Besides Beck, the other contributor here who has died before this record’s release is Foo Fighter drummer Taylor Hawkins, who plays on three songs on the back side of the album. In the album bio, Hunter reported that although he wasn’t all that well acquainted with Hawkins, the drummer was an eager participant in this project, which was created remotely, with extra players adding their parts to Hunter’s demo recording in their distant studios. For the lengthy jam that grew around the rock ballad, “Angel,” Hawkins enlisted Guns ‘N’ Roses bassist Duff McKagan, with Aerosmith guitarist Brad Whitford delivers heartfelt, bluesy solos. For the gritty pop/rock duet with Billy Bob Thornton on “Kiss N’ Make Up,” Hawkins drums with authority, while ZZ Top’s Billy Gibbons delivers a bit of the Texas grit in the solos.

The breadth of Hunter’s skill set shows up on “Don’t Tread On Me,” a song with Todd Rundgren adding his production touches and stacked vocals like a church choir, and economic guitar solos, a song that avoids the political context for a celebration of individualism. For more of a political statement, Hunter delivers “I Hate Hate,” a song that appears twice on the 11-track release, the first version backed by Hunter’s regular touring unit, The Rant Band,” and the album closes out with a version where Jeff Tweedy of Wilco adds some muscular guitar fills and gritty solos. It’s another of Hunter’s solid piano-based pop rockers, taking on the divisive animus that fuels too much of our public discourse. “Hate” he sings to the pounding beat, “is tearing us apart,” so he repeats the line “I hate hate,” and in an expression of self-awareness adds at one point, “especially when it’s mine.”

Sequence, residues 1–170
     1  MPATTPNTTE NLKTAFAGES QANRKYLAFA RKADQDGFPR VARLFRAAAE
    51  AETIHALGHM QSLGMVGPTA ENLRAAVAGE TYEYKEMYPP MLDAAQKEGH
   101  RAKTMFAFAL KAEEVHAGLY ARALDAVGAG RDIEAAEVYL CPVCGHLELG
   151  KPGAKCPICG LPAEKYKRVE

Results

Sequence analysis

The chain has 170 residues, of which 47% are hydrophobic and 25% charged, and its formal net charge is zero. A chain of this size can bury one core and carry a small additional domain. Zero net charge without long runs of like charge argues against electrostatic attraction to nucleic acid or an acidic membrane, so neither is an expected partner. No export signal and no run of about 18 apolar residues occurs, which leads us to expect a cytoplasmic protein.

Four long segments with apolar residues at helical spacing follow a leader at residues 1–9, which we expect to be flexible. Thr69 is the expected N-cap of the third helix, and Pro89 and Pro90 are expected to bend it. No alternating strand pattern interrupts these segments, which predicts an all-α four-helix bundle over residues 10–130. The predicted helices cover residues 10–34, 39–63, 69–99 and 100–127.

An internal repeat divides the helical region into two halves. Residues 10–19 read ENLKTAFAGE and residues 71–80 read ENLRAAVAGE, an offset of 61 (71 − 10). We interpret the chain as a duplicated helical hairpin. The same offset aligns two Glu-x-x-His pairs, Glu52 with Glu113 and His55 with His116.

But close to the end, Hunter delivers a statement of purpose in “This Is What I’m Here For.” Even though he says, “I ain’t nothing special, an average kid,” he says “all I wanted a song I could sing, a little music and a band that could swing, these are a few of my favorite things.” Taking on the age question, he adds “when I was 30, I was over the hill/but 50 years later I still kill ‘em all, I ain’t through… I never listen to the prophets of doom/too busy turning up the volume/from the womb to the tomb… this is what I’m here for/so I might as well enjoy it.” And from all the signs, Defiance, Pt. 1, finds Hunter and his all-star collaborators having he time of their lives. Pt. 2 is promised to follow, which will similarly feature a crew of world-class special guests, says Hunter, but likely “heavier and more political.”

As for those prophets of doom who keep declaring that “rock is dead,” Ian Hunter stands alongside Jagger & Richards, and McCartney to testify that they and this music are still quite alive and kicking.

“Bed Of Roses” / “Defiance” / “No Hard Feelings”

The Rolling Stones / David Bowie / Tom Petty & the Heartbreakers

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Brian Q. Newcomb